Alvin Alexander | Java, Scala, Unix, Perl, Mac OS X

Another cool feature of the vi and vim editors is that you can easily re-use some search and replace commands across files. For example, I was just editing several HTML files and needed to do the exact same thing to each file: find a certain line, and then delete that line and the line right after it. Fortunately this is very easy to do in vi.

To edit multiple files in vi I first issue this command from the Linux command prompt:

One of the nice things about the vim editor is the ability to easily fire off one command that changes patterns throughout your entire file. For instance, as I was working on editing my Function Point Analysis tutorial the following HTML string pattern kept re-appearing throughout the entire document, and needed to be replaced:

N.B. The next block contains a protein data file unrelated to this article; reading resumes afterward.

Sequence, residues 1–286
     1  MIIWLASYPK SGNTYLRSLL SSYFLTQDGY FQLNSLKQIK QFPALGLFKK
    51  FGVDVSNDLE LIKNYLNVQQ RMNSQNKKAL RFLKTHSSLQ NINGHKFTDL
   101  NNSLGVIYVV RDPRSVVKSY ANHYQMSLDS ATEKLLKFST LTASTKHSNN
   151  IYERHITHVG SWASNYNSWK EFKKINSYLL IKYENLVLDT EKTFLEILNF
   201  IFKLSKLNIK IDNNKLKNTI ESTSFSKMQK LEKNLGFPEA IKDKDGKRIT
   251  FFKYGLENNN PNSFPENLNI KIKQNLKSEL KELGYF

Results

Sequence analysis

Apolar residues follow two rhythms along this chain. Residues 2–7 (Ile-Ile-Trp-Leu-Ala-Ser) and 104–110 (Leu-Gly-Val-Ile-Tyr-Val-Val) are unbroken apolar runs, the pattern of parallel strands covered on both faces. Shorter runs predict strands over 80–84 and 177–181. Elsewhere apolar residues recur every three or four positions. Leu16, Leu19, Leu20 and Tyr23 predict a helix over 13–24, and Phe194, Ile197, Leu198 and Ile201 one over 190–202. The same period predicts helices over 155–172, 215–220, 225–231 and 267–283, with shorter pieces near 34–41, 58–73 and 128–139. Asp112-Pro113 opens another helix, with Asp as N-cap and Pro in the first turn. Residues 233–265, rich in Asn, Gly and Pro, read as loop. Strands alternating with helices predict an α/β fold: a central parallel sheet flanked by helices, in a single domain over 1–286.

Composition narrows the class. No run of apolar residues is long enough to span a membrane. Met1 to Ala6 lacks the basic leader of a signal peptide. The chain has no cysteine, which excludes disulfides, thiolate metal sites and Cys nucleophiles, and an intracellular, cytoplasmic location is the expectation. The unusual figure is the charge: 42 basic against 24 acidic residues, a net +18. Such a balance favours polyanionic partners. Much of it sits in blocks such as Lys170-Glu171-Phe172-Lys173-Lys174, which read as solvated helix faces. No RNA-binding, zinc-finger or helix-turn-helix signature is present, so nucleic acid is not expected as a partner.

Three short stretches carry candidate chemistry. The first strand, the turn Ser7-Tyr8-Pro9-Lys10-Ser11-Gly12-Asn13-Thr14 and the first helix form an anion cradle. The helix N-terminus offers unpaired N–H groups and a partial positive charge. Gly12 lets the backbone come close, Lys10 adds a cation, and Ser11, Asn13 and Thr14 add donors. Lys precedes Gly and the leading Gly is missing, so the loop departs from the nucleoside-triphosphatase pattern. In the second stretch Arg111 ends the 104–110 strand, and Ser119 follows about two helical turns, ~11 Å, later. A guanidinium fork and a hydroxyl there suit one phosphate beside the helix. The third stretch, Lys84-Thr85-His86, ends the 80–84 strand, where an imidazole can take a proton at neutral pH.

I'm taking the day off and driving up to Denali (yep, I'm in Alaska), but I wrote a quick blog showing an example of the Unix/POSIX sort command after discovering the syntax was different than what I expected it to be. (For other Alaskan adventures you can also visit me here.)

Wow, the Linux sort command changed while I was away. A sort command that I used to write like this (as well as I can remember):

grep 'foo bar' *.html | sort -d: -f2 -n

is now written like this:

Yikes, I fixed a lot of the formatting of my "Introduction to Function Point Analysis" tutorial. I didn't realize how terrible the formatting was before. I still need to style it up a bit more and create a print style sheet, but at least you can read it now. Ugh, that was bad.

This page is sponsored by Free Function Point Analysis Software

Later that same day ... most of the UL and OL tag problems around here are fixed. I also kicked out this post: One Tufte-inspired graph for software development projects.

I should have the problem with UL and OL tags fixed late Monday; sorry for the poor presentation in the blog posts ATM. Also, I'll have a "contact me" form set up here very soon as well. (There's lots of work to do after being away from this site for so long.)